WELLINGTON "Pathetic" and "incompetent" are two words Warren Gatland would not have expected to be used in describing his British and Irish Lions' tour opener, but New Zealand rugby pundits did not hold back after Saturday's laboured victory over the Barbarians.
The Lions, who are expected to provide the All Blacks with their sternest challenge since the 1971 series-winning side, limped to a 13-7 win in Whangarei against a 'Baabaas' team drawn from New Zealand's semi-professional provincial competition.
The Lions play 10 matches on their tour, including three tests against the All Blacks.
Lions coach Gatland said after the game that several members of his side were still dealing with jet lag, having arrived in the country only on Wednesday, and lacked cohesion due to a disrupted buildup before they left Britain.
However, former All Blacks prop Richard Loe, a provincial and international team mate of Gatland, wrote in his New Zealand Herald column on Sunday that the Lions could not hide behind excuses after their poor performance.
"The Lions and their management must do some immediate temple massaging after scraping home against the Baabaas," Loe wrote. "There will be apologists, but that was horrible and they'd better get their act together.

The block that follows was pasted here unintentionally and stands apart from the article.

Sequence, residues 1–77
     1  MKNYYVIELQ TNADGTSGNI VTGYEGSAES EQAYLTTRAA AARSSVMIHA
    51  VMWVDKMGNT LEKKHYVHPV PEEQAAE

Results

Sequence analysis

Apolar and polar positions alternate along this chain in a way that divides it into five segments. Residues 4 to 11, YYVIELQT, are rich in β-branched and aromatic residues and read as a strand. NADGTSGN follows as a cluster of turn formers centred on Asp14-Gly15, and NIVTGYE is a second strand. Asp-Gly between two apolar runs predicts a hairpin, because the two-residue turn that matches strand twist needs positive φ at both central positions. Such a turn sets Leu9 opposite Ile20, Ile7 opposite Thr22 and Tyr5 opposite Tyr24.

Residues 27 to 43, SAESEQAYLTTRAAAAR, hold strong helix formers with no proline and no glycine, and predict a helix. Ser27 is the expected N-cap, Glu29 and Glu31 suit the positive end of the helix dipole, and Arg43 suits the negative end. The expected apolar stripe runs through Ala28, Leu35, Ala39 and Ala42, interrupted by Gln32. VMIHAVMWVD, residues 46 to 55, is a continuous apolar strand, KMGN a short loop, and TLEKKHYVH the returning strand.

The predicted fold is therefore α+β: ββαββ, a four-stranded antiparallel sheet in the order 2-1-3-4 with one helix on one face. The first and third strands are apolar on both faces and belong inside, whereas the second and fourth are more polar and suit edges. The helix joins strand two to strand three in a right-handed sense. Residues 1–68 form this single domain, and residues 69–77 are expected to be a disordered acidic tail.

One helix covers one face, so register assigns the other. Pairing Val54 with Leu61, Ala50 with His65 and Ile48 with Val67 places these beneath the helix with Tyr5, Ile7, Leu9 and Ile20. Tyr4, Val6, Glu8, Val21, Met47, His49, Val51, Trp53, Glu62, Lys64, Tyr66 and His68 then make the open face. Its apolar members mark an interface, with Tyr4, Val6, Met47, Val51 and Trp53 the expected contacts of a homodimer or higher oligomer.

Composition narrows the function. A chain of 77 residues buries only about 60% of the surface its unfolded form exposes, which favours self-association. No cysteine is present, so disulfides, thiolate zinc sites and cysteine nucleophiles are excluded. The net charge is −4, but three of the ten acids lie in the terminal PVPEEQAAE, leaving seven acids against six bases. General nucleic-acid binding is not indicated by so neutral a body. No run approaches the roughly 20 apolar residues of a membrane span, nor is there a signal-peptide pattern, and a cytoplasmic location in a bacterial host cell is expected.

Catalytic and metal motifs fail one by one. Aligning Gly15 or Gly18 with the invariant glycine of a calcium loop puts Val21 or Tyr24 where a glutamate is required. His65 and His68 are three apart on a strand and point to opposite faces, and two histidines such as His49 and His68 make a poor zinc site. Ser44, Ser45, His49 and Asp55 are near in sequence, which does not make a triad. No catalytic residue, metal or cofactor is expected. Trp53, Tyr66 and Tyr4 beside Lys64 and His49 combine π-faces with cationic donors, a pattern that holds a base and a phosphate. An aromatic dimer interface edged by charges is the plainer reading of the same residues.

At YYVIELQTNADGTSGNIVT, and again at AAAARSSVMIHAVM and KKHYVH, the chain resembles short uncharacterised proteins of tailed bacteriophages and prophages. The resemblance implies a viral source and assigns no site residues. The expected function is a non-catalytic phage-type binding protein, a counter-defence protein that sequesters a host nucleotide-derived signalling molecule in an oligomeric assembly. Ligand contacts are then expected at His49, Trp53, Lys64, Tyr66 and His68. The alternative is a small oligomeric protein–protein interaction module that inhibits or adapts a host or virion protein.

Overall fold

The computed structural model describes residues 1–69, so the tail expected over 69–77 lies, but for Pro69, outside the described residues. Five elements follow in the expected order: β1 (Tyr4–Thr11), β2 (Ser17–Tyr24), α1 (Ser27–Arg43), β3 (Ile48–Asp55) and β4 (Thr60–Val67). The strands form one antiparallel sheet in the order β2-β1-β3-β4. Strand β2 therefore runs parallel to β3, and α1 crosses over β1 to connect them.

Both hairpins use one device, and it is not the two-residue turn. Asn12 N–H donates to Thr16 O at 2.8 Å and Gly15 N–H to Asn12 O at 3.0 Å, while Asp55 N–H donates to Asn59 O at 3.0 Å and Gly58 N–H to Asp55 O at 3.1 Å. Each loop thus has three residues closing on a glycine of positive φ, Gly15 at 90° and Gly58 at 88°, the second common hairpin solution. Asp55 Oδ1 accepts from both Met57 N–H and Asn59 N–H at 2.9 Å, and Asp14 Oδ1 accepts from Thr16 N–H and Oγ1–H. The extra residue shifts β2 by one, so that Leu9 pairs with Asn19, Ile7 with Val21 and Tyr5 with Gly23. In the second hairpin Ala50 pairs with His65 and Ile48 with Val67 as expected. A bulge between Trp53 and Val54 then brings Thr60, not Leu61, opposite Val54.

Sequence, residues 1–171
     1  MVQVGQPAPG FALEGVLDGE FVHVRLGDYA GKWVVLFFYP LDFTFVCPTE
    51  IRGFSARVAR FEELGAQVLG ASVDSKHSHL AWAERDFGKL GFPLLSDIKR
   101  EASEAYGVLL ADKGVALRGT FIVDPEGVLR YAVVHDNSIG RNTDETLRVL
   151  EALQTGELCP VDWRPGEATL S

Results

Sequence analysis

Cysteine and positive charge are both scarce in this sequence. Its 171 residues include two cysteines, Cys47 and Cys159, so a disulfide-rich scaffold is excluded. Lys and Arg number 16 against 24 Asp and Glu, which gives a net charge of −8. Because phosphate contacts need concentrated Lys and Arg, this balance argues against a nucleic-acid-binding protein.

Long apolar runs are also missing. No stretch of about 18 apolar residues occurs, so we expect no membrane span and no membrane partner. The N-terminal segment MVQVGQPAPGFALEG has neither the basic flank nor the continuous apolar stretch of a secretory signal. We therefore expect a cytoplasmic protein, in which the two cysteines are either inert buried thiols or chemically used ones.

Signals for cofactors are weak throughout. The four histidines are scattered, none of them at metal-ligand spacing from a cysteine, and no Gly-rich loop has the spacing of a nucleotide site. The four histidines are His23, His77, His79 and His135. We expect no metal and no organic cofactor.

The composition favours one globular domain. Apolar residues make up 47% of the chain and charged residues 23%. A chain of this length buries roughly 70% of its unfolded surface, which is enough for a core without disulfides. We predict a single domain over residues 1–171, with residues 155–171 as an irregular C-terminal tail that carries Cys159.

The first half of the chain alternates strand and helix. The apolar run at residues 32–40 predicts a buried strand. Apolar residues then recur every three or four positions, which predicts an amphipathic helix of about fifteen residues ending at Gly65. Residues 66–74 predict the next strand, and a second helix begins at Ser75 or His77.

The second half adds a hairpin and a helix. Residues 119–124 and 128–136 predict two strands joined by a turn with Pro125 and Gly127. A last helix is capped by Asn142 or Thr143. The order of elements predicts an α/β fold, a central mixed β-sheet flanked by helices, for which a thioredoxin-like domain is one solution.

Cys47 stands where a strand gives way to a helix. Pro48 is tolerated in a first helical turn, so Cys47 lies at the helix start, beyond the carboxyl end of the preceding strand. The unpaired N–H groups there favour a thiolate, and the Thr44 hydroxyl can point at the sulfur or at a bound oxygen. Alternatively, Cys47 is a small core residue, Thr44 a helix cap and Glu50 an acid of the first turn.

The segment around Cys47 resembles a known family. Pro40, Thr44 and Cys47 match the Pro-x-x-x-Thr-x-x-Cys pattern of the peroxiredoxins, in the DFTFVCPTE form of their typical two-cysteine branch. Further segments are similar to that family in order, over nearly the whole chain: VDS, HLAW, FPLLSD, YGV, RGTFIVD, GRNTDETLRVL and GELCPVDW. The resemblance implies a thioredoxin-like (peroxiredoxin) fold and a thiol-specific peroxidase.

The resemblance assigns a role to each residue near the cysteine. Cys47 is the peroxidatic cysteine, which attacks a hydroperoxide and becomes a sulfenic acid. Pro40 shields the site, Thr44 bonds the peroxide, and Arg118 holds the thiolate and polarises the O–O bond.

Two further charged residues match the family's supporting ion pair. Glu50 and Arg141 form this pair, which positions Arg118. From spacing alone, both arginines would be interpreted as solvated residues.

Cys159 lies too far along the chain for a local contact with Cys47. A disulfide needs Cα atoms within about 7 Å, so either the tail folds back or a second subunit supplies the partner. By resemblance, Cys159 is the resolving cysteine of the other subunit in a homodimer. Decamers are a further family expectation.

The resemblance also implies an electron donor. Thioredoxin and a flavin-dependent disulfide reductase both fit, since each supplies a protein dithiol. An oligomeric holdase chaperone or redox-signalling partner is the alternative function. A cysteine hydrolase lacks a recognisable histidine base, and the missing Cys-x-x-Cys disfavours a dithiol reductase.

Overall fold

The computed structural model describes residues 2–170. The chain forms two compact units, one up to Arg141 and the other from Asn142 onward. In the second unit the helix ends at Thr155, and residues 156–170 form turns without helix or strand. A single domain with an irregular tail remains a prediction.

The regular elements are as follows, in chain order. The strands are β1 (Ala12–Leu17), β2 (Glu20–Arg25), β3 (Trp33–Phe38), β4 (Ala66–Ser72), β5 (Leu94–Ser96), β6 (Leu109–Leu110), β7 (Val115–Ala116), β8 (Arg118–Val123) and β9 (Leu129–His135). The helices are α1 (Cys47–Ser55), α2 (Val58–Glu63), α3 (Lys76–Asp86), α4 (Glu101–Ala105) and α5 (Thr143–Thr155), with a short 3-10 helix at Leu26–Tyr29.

"That was pathetic."
Rugby writer and sports historian Phil Gifford was similarly scathing in his column in the Sunday Star Times.
"In blunt terms the Lions looked incompetent," Gifford wrote.
"How could a team stacked with nothing but internationals for so long look so leaden footed, so lacking in confidence they took kicks at goal instead of looking for tries from a lineout, so lacking in co-ordination and attacking ideas?"
New Zealand Herald rugby journalist Gregor Paul was a little more circumspect, refusing to consign the tour to the dustheap after just one match.
However, he said the pace of the game in New Zealand could prove decisive, with a massive step up needed for the clash on Wednesday against Super Rugby's Auckland Blues.
"The real issue was that the Lions looked decidedly pedestrian in all that they did," Paul wrote. "The Lions struggled with the pace of the game - not so much physically, but mentally.
"They didn't have the natural instincts to pounce on opportunities when they came.
"When the opposition become highly motivated Super Rugby teams, the opportunities for the Lions will have an even shorter shelf-life and the reaction times have to be phenomenally good to see, react and expose."
(Reporting by Greg Stutchbury; Editing by Peter Rutherford)